The Baranoff Oak

People wonder if the Baranoff Oak, that still stands in Safety Harbor, was a sapling when Ponce De Leon arrived in Florida.

It’s the oldest living oak tree in Pinellas County. The oak is featured in the town’s business directory. The tree is asked about so often, Gina Bingham, a reference librarian at Safety Harbor Public Library, wrote a blog about it. She excitedly tells people all about the tree. A volunteer at the Safety Harbor Chamber or Commerce named Ginger Watson, received a picture of the Baranoff Oak as a gift from her sister in the mail.

Next to the tree, a plaque tells the reader a little bit of information about the Baranoff Oak. The tree may be 300 to 500 years old the plaque reads, but Bingham says it is anywhere from 200 to 500 years old.

“They’re not actually sure how old the tree is, people ask that all the time,” Bingham said.

The increasing number of questions about the Baranoff Oak has made the need for more information immediate.

“The tree is a fascination for everybody that comes into the area. It’s very iconic for Safety Harbor,” Bingham said.

It used to be known as the Safety Harbor Oak, but was renamed in 2004 in honor of Dr. Salem Baranoff. He was the owner of the spa and helped establish the first public library in Safety Harbor, Bingham said. Both are visible from the beautiful park surrounding the Baranoff Oak. Portraits of Baranoff hang in the Safety Harbor Public Library. The renaming of the tree also let the city register the Baranoff Oak with the Live Oak Society of the Louisiana Garden Club.

“The place where the tree is, is actually owned by UCITA Properties, Inc., so it’s corporately owned land. They entered into a partnership with the city in 2003 and they planned this passive park space around the oak, so that now it’s protected,” Bingham said.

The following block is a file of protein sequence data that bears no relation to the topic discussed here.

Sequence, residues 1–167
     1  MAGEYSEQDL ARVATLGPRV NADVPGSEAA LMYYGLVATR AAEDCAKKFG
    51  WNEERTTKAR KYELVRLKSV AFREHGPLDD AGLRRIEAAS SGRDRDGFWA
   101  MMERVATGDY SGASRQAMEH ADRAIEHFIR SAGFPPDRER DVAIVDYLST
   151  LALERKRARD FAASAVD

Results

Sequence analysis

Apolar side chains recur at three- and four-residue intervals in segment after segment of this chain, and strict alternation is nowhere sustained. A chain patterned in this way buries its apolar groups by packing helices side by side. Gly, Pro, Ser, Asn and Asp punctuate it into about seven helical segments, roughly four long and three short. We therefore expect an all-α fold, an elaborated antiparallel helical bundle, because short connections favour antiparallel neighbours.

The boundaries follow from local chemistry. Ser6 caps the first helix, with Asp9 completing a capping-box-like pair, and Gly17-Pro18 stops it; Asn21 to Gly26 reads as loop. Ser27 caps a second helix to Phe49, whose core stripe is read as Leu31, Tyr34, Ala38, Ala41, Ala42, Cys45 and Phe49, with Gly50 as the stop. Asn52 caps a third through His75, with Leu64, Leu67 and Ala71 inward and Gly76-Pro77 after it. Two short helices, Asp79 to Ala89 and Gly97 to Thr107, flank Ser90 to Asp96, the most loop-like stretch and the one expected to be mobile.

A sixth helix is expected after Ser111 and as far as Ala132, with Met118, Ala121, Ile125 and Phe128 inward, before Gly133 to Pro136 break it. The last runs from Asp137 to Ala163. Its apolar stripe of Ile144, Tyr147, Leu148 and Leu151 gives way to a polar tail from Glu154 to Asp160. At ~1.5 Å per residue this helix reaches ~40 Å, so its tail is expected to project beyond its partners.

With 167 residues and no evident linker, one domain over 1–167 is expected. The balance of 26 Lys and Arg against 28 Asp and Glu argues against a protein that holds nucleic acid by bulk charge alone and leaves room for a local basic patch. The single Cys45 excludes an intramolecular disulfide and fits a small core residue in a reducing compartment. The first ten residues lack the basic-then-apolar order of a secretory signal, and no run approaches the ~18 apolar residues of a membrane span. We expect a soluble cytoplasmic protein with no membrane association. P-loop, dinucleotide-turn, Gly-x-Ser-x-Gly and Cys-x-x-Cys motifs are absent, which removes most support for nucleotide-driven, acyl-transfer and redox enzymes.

The plans were created in May of 2003 and the park was completed in 2004.

Its impressive size, at 20 feet around, and age make it a big attraction for more than just the citizens and the visitors. A pencil artist, Stephen Malkoff draws for the National Register of Historic Trees. He’s earned the nickname “Tree Man” for his works. The Baranoff Oak was his subject in 2006 and prints of it, and other works, are available for purchase.

Citizens of Safety Harbor are also drawn to the Baranoff Oak’s beauty. Several residents won awards in the Safety Harbor Photo Contest. Lori Deah and Daniel Goodwin won awards with pictures of the Baranoff Oak in 2005. And a 12-year-old girl, Amber Krager, won the contest with a similar photo of the Oak.

Dee Dokumaci, the owner of Rose Garden Boutique in Safety Harbor, said the Baranoff Oak will always be a part of Safety Harbor. If the city contemplates cutting it down, Dokumaci says she thinks there would be big protests.

“We all would be out there,” she said.

“I hope they never, ever chop down that beautiful tree. I doubt they will, I doubt that. There’s a lot of changes that are taking place in Safety Harbor,” Dokumaci said.

While the people of Safety Harbor will go to great lengths to protect the Baranoff Oak, nothing can be done about mother nature. In addition to many years of history, the tree has weathered many great storms.

“It hasn’t been hit by lightning in awhile,” Bingham said.